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This week's print edition will feature a Q&A with Bev Mackereth, the former York state representative who is now in the process of being confirmed as secretary of the Pennsylvania Department of Public Welfare.
Here's just one question and her answer, to whet your reading appetite.
What's the most important message you have for the business community?
I've always believed, first off, that public/private partnerships are really going to be the key to Pennsylvania and any state's success. Individuals sometimes say, well, government can handle it. That's not possible. Being at DPW almost two years, I can tell you that we really are at a point where we are skeletal. We don't have enough employees to do the work that we're asked to do. So relationships in the communities, relationships between the public and private sector, are critical.
I think we can learn from businesses. Back in York County, I was director of human services and I put together a commission, and many of the members were business leaders. They taught me so much about running a business, about managing, just a whole lot of things that I didn't know a whole lot about because I was always in the public sector. So we need to partner, and I think that's the biggest message to share.
We have an early learning group of people who are all from big businesses across Pennsylvania, and our success in that area can really be attributed to them and their work, because they are out advocating and educating communities. We should have that for every piece of what we do, not just early learning.
Another example is individuals with disabilities. Many of them can work, should work and are excellent workers. To give people skills and opportunities to do work, to feel important and to get off welfare rolls is so important. Building those relationships (with businesses that will make such actions possible) is really key to our success at DPW.
What questions would you ask Mackereth if you had the opportunity?
More to the point, what questions will you ask Andy Carter, president of The Hospital & Healthsystem Association of Pennsylvania, in our live chat with him from 9 to 10 a.m. this Monday, June 24?
We're expecting that the issue of Medicaid expansion will be a major focus, but if there's one thing that I've learned as we've done these online events it is that you, our readers, have good questions, and it's really rewarding to be able to facilitate experts answering them.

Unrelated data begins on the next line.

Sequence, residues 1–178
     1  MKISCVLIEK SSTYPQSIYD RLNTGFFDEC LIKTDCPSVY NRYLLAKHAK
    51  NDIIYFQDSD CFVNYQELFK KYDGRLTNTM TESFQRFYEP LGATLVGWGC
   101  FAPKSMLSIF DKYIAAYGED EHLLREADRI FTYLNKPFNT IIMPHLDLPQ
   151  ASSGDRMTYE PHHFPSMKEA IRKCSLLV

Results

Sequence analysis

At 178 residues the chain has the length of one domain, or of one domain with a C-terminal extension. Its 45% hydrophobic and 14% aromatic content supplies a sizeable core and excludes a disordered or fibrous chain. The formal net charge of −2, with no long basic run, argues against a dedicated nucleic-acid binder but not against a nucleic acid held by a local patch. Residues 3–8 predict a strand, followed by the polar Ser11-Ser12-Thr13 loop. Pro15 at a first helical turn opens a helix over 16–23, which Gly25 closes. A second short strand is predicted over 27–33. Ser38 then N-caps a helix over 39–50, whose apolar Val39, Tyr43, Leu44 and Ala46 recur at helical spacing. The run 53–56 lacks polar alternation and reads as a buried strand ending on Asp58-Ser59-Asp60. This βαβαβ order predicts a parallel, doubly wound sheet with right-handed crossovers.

So please mark your calendars and join us next week — and if you absolutely can't make it, feel free to email me your questions ahead of time and check out the replay of the chat afterward. And, as always, if we're not able to include your question in the chat, or it's not really going to be in the HAP subject area but you'd really like an answer, please submit it at any time to our Health Care Reform Expert Advisory Panel — it's free!
Continuing the interrogatory theme, what do you think of buying health insurance from the State Workers' Insurance Fund?
State Rep. Bob Freeman, D-Northampton, has introduced House Bill 1526, which would expand the fund's offering to include health insurance. The fund, which provides an option for Pennsylvania businesses that cannot access workers' comp insurance in the private sector, is currently permitted to sell only workers' compensation insurance.
Freeman said there would be no extra cost to taxpayers; the offering would be paid for with premiums from health care subscribers and a loan from the SWIF fund, which would be paid back. He proposed an effective date you've heard before: Jan. 1, 2014.
"By allowing SWIF to offer health insurance, it would make a quality insurance product available to Pennsylvanians at a lower cost than current rates because of its lower administrative overhead, and it would create more competition within the health insurance market," Freeman said in a news release. "In addition, by making this available in the market, it would serve as a yardstick by which to measure the fairness of rates charged by private health insurance companies."
Freeman went on to say that he thought the proposal "will effectively bring health care policies back to an affordable range for the average Pennsylvanian."
I confess general unfamiliarity with SWIF, and I'm pretty sure there's no one magic bullet in health care — but change of any sort usually begets further change. Do you think this one would be positive or negative?
Finally, Capital BlueCross unveiled a new logo this week, for the first time in 50 years. According to a news release, it symbolizes the company's evolution for a new insurance marketplace. What do you think of it?